Reclaiming the Meaning of Luxury

The Merriam-Webster Dictionary and Dictionary.com, respectively, define luxury as:

  1. noun: a condition of abundance or great pleasure and comfort
  2. noun: a material object, service, etc., conducive to sumptuous living, usually a delicacy, elegance, or refinement of living rather than a necessity

As made apparent by these definitions, the noun luxury can refer to a condition or state of being, a material object, service, or experience. When the word ‘luxury’ is used in this essay, no attempt will be made to distinguish between the different meanings. The core arguments should apply to each of the possibilities.

Casual conceptions of luxury

Most people’s notions of luxury are incomplete. When asked to think about luxury, the general population will focus on two points. First, they often associate luxury with things not yet possessed or experienced. And second, they focus solely on the quality of the material object or service.

These points may at first seem consistent with the definitions provided above, but they both miss crucial components. The first errs by associating luxury with things we do not have. This assertion is refuted by the second definition which says that a luxury is “a delicacy, elegance, or refinement of living rather than a necessity.” This emphasis on necessity is key. It lowers the benchmark for luxury from “that which we do not have but still desire” to “that which is in excess of what we need”.

The second point–luxury’s sole dependence on material quality–also errs, albeit in a much more subtle manner. The assertion that luxury is dependent on the physical excellence of the object or experience is true; the error lies in the idea of exclusive dependence. There is an unstated assumption in both of the definitions presented above that quality alone will lead to “great pleasure” and “sumptuous living”. However, this is not necessarily the case, and necessitates a second condition for luxury that is complimentary to quality. This co-condition is appreciation.

Two necessary conditions

Luxury is co-dependent on appreciation and quality above what is necessary. Most people are already familiar with the condition of quality–beautiful homes, expensive clothing, fast cars, nice wine–it simply needs to be reoriented from what we don’t possess to what exceeds our needs. The condition of appreciation, though equally important, is less familiar.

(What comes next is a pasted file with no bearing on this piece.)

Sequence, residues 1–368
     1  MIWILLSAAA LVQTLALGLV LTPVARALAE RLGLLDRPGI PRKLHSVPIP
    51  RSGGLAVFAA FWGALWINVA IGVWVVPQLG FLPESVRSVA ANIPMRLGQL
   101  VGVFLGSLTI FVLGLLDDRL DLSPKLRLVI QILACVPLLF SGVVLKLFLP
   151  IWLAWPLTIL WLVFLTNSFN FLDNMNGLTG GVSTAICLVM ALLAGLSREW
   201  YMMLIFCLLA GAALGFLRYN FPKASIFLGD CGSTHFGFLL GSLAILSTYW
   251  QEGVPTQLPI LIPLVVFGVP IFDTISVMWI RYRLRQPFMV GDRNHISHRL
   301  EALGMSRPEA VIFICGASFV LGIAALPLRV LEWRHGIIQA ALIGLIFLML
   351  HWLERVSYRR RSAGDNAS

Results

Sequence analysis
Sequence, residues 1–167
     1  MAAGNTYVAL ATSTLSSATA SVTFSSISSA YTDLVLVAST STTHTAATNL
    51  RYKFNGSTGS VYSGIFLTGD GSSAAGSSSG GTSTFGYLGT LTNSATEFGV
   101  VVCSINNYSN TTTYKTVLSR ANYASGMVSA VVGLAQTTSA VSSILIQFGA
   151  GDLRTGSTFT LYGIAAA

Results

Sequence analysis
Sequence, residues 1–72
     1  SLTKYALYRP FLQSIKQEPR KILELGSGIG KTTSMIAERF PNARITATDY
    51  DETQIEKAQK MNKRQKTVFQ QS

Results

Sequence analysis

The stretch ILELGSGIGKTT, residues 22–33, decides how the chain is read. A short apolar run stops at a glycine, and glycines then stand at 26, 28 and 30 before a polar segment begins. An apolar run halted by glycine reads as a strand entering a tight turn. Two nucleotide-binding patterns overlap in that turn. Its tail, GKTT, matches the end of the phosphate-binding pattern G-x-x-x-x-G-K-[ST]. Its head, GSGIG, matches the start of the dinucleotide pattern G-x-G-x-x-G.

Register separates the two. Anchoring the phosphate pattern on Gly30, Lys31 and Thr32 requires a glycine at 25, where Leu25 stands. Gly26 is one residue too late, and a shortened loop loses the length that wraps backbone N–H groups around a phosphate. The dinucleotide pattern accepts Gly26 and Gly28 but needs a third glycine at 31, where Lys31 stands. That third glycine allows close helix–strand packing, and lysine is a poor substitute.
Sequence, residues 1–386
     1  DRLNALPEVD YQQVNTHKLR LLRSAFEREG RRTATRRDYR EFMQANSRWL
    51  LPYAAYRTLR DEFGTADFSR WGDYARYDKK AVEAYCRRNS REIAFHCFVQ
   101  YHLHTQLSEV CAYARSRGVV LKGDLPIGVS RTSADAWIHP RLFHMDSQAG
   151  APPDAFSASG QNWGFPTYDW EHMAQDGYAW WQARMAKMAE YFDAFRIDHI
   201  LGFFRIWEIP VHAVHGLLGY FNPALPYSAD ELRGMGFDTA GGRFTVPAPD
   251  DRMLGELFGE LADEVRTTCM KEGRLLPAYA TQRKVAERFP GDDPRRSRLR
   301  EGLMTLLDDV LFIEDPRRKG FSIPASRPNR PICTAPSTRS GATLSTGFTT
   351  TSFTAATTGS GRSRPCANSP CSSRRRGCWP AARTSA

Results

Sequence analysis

Without appreciation, quality goes unnoticed–there is no pleasure derived. This implies that the mere presence of great quality is not equivalent to luxury. Excellence needs to be recognized, understood, internalized, and savored. “Great pleasure” and “sumptuous living” are the result of a process, a digestion of quality. Appreciation, then, is the process of internalizing and savoring excellence.

Examples of appreciation

Imagine two individuals, each possessing a bottle of fine wine. The first is a young man who recently graduated from college and now works for a prestigious company. He purchased the expensive bottle of wine in order to impress his friends and develop good tastes. He knows almost nothing about wine. The second individual is a woman who works as a sommelier. She has studied wine for years, tasting thousands of different vintages from all over the globe. She purchased the expensive bottle of wine to celebrate a special occasion.

Both individuals have high-quality wine, but they will experience it in very different ways. The young man may be able to notice a difference between his bottle of wine and the boxed wine that he drank in college. He may even pick up on distinct components of the wine that he likes. However, he will not be able to understand and savor the wine in the same way that the woman will be able to. She has developed a greater appreciation for wine–it is more of a luxury.

Quality need not be equal in order for appreciation to determine which object or experience is more luxurious. Imagine two beds: an old twin bed and a plush four-poster king size bed. It has been years since the owner of the king bed has slept anywhere else. Since he doesn’t pay attention to the detail or comfort of the bed, he no longer notices the quality. The owner of the twin bed has just returned from a week-long camping and hiking trip. He has spent the last six nights sleeping on the ground. Sore and exhausted, he collapses into bed.

Although the king bed is undoubtedly of higher quality than the twin, the difference in the men’s capacity for appreciation means that the owner of the twin can have a more luxurious experience. His activities over the past week have heightened his sense of appreciation, allowing him to internalize and savor all of the positive qualities of his twin bed.